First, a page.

Understanding the causal relationship between intervention and outcome is at the heart of most research in the health sciences, and a variety of statistical methods have been developed to address causality. However, noncompliance with treatment assignment is a key source of complication for causal inference. Estimation of causal effects is likely to be compounded by the presence of noncompliance in both treatment arms of clinical trials where the intention-to-treat (ITT) analysis produces a biased estimator for the true causal estimate even under homogeneous treatment effects assumption. Principal stratification method has been developed to address such posttreatment complications by stratifying the population into partially latent classes (principal strata) based on potential values observed after randomization (e.g. noncompliance) under each of the levels of randomized intervention. The present work combines the two strategies of model selection and principal stratification with a novel application to a real data from a trial conducted to ascertain whether or not unopposed oestrogen (hormone replacement therapy - HRT) reduced the risk of further cardiac events in postmenopausal women who survive a first myocardial infarction. The causal model links the resulting two marginal prediction models with a user-defined sensitivity parameter which is a function of the correlation between the two compliance behaviours. The method's key assumption of conditional prediction is verified for our data via sensitivity analysis comparing results of causal estimates using different sets of predictors of compliance. We adjust for noncompliance in both treatment arms under a Bayesian framework to produce causal risk ratio estimates for each principal stratum. The results suggested better efficacy for HRT among those who would comply with it compared to those who would comply with either HRT or placebo: compliance with HRT treatment only and with either treatment allocation would reduce the risk for death (reinfarction) by 47%(25%) and 13%(60%) respectively.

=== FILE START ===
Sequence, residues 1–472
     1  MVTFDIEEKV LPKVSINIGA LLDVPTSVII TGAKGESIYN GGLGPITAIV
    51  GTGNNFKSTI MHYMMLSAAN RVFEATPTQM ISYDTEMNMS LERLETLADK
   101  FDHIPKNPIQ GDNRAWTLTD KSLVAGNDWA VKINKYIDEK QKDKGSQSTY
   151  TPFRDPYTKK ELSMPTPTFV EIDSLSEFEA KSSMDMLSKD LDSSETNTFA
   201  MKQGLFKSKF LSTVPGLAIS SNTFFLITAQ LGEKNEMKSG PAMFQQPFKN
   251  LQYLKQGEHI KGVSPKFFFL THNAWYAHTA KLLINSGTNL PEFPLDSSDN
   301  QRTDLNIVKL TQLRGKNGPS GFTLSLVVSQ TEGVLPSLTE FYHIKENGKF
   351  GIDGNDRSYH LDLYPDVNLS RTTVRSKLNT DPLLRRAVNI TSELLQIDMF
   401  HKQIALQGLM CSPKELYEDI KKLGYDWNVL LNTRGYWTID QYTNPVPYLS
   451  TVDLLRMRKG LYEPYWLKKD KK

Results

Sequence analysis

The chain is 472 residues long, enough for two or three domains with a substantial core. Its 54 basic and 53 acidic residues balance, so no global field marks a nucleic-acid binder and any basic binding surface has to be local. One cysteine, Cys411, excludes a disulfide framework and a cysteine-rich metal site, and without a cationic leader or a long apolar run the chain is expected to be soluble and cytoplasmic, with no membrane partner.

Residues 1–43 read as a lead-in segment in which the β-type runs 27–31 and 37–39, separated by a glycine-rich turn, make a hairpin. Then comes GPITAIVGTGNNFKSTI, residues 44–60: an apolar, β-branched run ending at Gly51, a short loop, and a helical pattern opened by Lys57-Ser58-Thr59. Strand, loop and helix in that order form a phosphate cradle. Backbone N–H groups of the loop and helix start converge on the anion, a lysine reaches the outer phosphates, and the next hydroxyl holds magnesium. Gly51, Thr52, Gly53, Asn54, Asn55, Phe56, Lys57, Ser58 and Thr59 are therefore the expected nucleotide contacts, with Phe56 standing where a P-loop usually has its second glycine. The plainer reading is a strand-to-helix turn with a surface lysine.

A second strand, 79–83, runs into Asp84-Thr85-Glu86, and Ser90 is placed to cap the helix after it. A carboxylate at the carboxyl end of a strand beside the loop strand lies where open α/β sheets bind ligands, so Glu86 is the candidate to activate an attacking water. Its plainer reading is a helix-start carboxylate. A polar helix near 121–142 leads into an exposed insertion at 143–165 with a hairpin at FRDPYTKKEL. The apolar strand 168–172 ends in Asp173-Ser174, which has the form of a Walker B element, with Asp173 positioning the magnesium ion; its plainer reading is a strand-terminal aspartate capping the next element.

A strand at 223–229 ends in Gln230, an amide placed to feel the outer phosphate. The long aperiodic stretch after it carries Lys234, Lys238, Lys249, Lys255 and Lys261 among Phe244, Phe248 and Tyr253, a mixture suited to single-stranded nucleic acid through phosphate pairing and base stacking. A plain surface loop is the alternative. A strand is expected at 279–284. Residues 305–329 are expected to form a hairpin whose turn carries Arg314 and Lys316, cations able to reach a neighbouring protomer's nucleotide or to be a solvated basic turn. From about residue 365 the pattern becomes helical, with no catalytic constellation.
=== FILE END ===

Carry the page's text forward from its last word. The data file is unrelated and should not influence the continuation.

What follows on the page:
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    The need for effective study skills under the 21st century: a case of USA and KENYA
    (IMHOTEP Mathematical Proceedings, ) T. Olszewski, Peter; Owiti, Dickson S. O.; Bekolle, David
    The current world is operating in an economy that values creativity and innovation for scientific and technological development. Education gives people appropriate skills and knowledge they need to address their social problems. Mathematics and Science education is at the centre of this and needs to be at the forefront to connect the present to the future. The fact that a new generation of learners is in our classrooms requiring a paradigm shift in pedagogy is indisputable. Teaching in the same old way and emphasis on examinations, grades, certificates as well as lack of basic facilities have affected learning by generation Y students. As a result, Kenya like the United States of America faces a myriad of problems despite the fact that the youth is a reach reservoir for development. More than 50 per cent of the world's gold reserves, diamond, manganese, chromium, and cobalt are in Africa yet Africans live in the poorest situations imaginable. The United States, despite being the most powerful nation on the planet has, in general, have poor test scores in mathematics if results of international comparative studies are anything to go by. This paper argues in addition to poor teaching methods, strategies, and techniques, the assumption that stu- dents know how to study mathematics once in secondary school, college, and university and the failure to teach the same is partly to blame since year after year, students either drop out, receive poor grades, fail to attend classes and or don't take mathematics seri- ously. Millennials therefore need to be taught study skills in mathematics to ensure quality mathematics learning for creativity and innovativeness in the citizens. This will ensure education empowers Kenya, Africa, and the United States for global competitiveness. In particular, this paper intends to address the following current issues in Kenyan and Unites States schools: 1. Describe the Millennial Student, 2. Ramifications for Kenya and the United States, 3. Kenyan and United States curricula, 4. How to teach effective study skills, 5. What is needed of educators, and 6. What to do in the future.
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    Groups of units of commutative completely primary finite rings
    (IMHOTEP Mathematical Proceedings, ) J. Chikunji, Chiteng'a